Better Students Ask More Questions.
According to Alma and Philip, what was the main objective of this and all trials...
Topic: Parallel WorldsAccording to Alma and Philip, what was the main objective of this and all trials described in the book?
Questions 7, 8: Alma’s and Philip’s trial
!!! The term “trial” in questions #7 and #8 refers to “a formal examination of evidence by a
judge, typically before a jury, in order to decide guilt in a case of criminal or civil proceedings” --
not to be confused with trial as “a person, thing, or situation that tests a person's endurance or
7. Alma’s and Philip’s trial I
How did Alma and Philip end up in a trial themselves? Describe the circumstances as concisely
as you possibly can, using your own words
8. Alma’s and Philip’s trial II
(1) Describe the outcome / settlement of the case.
(2) According to Alma and Philip, what was the main objective of this trial (and all other trials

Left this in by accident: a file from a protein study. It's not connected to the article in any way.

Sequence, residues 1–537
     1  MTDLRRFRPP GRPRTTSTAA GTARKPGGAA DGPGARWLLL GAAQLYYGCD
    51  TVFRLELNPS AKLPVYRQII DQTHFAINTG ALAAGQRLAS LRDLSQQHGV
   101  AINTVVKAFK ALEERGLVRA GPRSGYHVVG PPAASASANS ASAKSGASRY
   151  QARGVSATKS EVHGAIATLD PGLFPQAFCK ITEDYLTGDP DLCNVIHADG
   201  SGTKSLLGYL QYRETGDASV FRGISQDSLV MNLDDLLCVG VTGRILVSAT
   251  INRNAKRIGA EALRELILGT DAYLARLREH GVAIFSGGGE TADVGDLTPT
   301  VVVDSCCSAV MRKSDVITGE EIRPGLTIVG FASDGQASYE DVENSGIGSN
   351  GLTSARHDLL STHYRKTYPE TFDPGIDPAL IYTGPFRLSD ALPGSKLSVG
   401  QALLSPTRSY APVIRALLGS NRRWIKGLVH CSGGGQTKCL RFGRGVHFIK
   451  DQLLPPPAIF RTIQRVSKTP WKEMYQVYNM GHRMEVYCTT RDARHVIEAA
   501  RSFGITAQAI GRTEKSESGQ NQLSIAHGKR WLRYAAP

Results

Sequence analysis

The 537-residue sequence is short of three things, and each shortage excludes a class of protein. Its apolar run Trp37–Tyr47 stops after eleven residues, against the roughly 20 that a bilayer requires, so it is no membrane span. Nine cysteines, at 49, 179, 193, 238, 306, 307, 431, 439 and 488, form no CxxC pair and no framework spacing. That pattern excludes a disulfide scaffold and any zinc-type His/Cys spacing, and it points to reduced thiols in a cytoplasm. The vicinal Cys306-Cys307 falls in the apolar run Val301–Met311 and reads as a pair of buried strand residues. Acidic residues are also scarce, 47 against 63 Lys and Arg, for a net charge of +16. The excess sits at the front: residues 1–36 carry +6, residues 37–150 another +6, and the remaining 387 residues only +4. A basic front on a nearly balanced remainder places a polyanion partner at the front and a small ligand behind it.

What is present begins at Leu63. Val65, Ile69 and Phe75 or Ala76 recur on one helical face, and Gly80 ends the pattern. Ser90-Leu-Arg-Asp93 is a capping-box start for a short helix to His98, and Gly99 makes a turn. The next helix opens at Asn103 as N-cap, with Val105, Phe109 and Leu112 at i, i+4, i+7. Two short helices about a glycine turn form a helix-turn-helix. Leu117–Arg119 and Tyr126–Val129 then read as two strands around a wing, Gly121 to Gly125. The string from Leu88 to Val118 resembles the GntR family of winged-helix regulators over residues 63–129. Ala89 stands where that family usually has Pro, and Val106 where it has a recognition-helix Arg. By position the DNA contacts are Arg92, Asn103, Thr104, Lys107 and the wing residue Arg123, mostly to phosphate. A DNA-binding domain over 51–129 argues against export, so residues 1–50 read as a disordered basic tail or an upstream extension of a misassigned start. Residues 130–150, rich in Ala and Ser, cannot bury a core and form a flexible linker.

described in the book)?
3 Answers | add yours
High School Teacher
Generally discussion boards are put in place for editors to carry on discussions of a question, concept, etc., but this forum is not set up to answer a list of questions. These should be posted for Q&A, one question at a time.
Posted by booboosmoosh on April 23, 2012 at 4:46 AM (Answer #2)
This seems to be confusing you because of the double usage of "trial." Maybe I can help sort it out for you. A person or persons go through a "trial" when they face difficult problems to solve or difficult experiences to endure, e.g., a boy discovers his mother was in an accident and is in surgery in a hospital. This is a trial for the boy. The question is how will endure through his suffering. On the other hand, when a person breaks a law, they appear before a judge (and sometimes a jury) and the question of who or what was right or wrong is debated with evidence being presented on both sides of the argument. The outcome of the trial by a judge (and perhaps peers) answers the question.
Posted by kplhardison on April 26, 2012 at 7:29 AM (Answer #3)
Related QuestionsSee all »
Join to answer this question
Join a community of thousands of dedicated teachers and students.